-Lawmakers said of his ‘unruly behavior’; send him to prison
By Leroy M. Sonpon and David A. Yates
Members of the House of Representatives yesterday, September 12, recommended to President George Weah not to allow Deputy Information Minister Eugene L. Fahngon to hold any key government position, because he was “unqualified.”
Besides branding him unfit to serve in government, the lawmakers also ordered Fahngon to serve a three-day imprisonment, which he started serving as of yesterday but at the police cell on Capitol Hill, until he can be transferred to the Monrovia Central Prison where he will spend the remaining two days.
As part of his punishment for being disrespectful to the lawmakers, Fahngon was also fined the amount of 4,999 Liberian cents, which he is to deposit into government coffers for his contempt charge.
The lawmakers’ action resulted from Fahngon’s defiant posture, refusing to make any comment to the lawmakers when he appeared before that august body for the hearing of his contempt charge.
Information Minister Eugene Nagbe and his Deputy, Fahngon, were summoned on Tuesday, September 11, by members of the House of Representatives following a complaint from Representative Edwin M. Snowe that Fahngon disrespected him as a sitting legislator and, by extension, the House of Representatives.
The two ministers did not appear on Tuesday as expected, and so the House held both men in contempt, and subsequently mandated them to appear before them yesterday, September 12.
During Fahngon and Nagbe’s appearance yesterday, Minister Nagbe apologized to the lawmakers, but Fahngon deliberately refused to do so in the presence of his boss.
Fahngon was also mandated by the lawmakers to bring along his lawyer, upon which order he invited Cllr. Frances Johnson-Allison to represent his legal interest at the hearing of the contempt proceedings.
When quizzed in the presence of Cllr. Johnson-Allison about his tussle with Rep. Snowe and Gray, Fahngon evoked Article 21 (c) and said he has the right to remain silent or only speak to the lawmakers in the presence of his lawyer.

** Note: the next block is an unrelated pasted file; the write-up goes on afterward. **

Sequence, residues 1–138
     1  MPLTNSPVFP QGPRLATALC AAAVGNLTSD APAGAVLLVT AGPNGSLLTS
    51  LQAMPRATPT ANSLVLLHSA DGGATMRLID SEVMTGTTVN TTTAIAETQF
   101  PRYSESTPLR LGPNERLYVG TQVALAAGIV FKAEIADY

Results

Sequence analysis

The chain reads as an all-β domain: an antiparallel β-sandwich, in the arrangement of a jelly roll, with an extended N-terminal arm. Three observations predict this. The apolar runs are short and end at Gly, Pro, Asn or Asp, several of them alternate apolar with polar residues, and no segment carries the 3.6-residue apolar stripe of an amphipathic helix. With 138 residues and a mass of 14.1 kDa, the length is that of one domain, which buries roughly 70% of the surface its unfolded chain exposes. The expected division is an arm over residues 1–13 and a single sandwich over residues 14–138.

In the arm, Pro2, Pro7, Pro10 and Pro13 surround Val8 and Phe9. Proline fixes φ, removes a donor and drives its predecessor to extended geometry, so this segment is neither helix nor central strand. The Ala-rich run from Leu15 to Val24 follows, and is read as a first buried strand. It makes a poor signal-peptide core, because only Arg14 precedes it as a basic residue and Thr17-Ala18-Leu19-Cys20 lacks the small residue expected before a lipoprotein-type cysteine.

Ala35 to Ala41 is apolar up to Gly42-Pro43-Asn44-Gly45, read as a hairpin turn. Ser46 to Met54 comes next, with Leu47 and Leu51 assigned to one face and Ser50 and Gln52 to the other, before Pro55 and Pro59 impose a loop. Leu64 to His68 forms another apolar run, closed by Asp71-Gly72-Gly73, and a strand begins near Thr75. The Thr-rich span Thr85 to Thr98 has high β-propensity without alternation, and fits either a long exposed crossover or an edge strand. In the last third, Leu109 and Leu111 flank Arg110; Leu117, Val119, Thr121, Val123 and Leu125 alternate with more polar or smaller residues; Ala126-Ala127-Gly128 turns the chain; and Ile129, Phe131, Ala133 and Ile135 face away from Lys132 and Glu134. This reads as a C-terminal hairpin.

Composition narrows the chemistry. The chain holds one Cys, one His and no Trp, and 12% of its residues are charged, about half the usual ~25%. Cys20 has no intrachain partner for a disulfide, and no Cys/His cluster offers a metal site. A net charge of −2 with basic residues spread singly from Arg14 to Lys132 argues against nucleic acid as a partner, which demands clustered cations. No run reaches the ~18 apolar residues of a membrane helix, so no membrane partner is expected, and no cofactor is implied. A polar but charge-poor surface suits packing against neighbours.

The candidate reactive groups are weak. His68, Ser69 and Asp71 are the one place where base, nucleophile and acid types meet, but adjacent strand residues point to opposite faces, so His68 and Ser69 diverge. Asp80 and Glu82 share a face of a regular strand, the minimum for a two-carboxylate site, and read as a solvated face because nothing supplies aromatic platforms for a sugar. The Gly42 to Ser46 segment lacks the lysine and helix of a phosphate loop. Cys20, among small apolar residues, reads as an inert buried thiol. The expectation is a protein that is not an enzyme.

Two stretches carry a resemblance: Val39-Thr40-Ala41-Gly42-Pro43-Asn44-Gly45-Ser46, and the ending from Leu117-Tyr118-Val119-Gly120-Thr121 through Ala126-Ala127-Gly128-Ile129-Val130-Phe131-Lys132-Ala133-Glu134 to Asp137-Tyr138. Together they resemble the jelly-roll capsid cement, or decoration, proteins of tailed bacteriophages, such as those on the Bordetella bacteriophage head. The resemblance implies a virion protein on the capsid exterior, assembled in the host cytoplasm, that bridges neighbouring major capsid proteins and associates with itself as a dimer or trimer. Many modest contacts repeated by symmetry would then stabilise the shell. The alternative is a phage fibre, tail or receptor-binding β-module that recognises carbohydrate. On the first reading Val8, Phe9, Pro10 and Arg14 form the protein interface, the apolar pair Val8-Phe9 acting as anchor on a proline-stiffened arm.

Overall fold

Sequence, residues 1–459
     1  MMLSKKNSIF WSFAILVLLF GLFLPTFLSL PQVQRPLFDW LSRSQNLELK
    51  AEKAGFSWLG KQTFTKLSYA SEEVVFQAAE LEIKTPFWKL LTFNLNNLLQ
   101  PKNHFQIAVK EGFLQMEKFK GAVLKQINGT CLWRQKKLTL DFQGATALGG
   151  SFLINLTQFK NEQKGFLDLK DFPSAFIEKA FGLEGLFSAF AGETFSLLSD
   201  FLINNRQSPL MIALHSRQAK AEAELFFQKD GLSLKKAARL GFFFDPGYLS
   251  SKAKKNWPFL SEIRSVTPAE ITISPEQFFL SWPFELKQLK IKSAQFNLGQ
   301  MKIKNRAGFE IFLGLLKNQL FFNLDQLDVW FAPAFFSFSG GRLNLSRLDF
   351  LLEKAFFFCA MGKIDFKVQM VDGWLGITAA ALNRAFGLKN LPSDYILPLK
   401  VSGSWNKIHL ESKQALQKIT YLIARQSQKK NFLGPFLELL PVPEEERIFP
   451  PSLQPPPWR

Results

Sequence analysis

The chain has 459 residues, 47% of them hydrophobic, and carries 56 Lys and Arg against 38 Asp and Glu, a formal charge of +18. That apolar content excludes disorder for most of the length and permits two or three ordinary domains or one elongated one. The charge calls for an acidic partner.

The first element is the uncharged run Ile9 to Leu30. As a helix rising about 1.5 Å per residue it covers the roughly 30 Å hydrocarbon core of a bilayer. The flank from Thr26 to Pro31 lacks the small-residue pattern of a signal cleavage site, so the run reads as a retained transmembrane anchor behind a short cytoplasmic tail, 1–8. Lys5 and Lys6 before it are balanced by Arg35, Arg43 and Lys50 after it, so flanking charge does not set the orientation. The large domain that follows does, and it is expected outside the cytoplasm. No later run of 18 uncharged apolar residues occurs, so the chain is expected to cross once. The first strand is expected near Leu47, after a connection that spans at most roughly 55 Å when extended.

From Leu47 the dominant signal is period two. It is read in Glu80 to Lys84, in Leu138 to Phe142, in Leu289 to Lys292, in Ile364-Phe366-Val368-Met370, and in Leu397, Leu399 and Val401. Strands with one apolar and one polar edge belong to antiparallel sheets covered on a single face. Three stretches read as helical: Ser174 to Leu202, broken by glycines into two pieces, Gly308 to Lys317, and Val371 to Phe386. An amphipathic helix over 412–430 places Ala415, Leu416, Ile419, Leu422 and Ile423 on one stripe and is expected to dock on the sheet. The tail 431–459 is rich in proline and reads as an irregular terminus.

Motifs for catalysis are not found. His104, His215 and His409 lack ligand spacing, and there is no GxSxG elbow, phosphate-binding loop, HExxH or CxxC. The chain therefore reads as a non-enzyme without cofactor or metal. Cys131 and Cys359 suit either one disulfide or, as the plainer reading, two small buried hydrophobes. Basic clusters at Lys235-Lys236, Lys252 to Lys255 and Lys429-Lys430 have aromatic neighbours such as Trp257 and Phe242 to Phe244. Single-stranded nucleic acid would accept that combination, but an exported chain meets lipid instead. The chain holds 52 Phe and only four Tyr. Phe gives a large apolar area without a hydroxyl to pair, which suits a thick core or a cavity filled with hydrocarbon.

The Chairman on the House Judiciary Committee, Representative J. Fonati Koffa, clarified that Fahngon has the right to evoke Article 21(c), which indicates that he waived his right to testify, but the House can use the evidence and witnesses provided by their colleagues to make a decision.
Article 21 (c): Every person suspected or accused of committing a crime shall immediately upon arrest be informed in detail of the charges, of the right to remain silent, and of the fact that any statement made could be used against him in a court of law. Such person shall be entitled to counsel at every stage of the investigation and shall have the right not to be interrogated except in the presence of counsel. Any admission or other statements made by the accused in the absence of such counsel shall be deemed inadmissible as evidence in a court of law.”
However, following the argument, the lawmakers, in a unanimous vote through a motion from Representative Clarence Massaquoi and amendments from other members, voted to jail Fahngon for three days beginning Wednesday night. He is to be placed in a withholding cell at the police headquarters, after which he will be sent to the Monrovia Central Prison today, Thursday, to complete his jail term.
The House’s decision will be communicated to the senate and the President subsequently.
It can be recalled that on September 9, while at a night club, Fahngon and Bomi County Electoral District #1 Representative Edwin Melvin Snowe were caught publicly exchanging invectives on a video posted on Facebook.
In the video, a war of words ensued between the two politicians over a misunderstanding that reportedly erupted between one Kelvin D.J. Mattaldi and Fahngon.
Reports gathered say Mr. Mattaldi, who is also the media officer in the office of Rep. Snowe, reportedly photographed Fahngon while he as allegedly dancing with a woman at a local night club.
The reports detailed that following the photograph, Fahngon immediately ordered that the photos be deleted, but the situation brought the intervention of state security officers who landed the matter at a nearby police depot.
Thereafter a huge outburst ensued between Snowe and Fahngon to the extent that the lawmaker demanded the immediate release of Mattaldi from the police depot.
Fahngon and Rep. Snowe were seen in the live Facebook video in an exchange of words, with a slew of expletives coming from the deputy minister. The video, which went viral on social media, also grabbed the attention of some Liberian Facebook users, with many terming the exchanges between the two as “childish.”
“Rep. Snowe was more moderate, but Fahngon was seen insulting and nearly assaulting the lawmaker,” one person commented.
Meanwhile, Montserrado County District #8 Representative Acarous Gray,
who witnessed the scene between the two men in the presence of onlookers, described the actions of Fahngon “as a dangerous path towards Liberia’s emerging democracy.”
Rep. Gray, who did not regret his comments, wondered what was so dangerous about the photo that led Fahngon to conduct himself against the Code of Conduct.
Section 5.9 of the Code provides that, “Any public official, after due process, who is found guilty of violating any provision of this section should be immediately removed from the position or office held by him/her and thereafter no part of the funds appropriated by any law for such position or office should be used to pay compensation to such person.”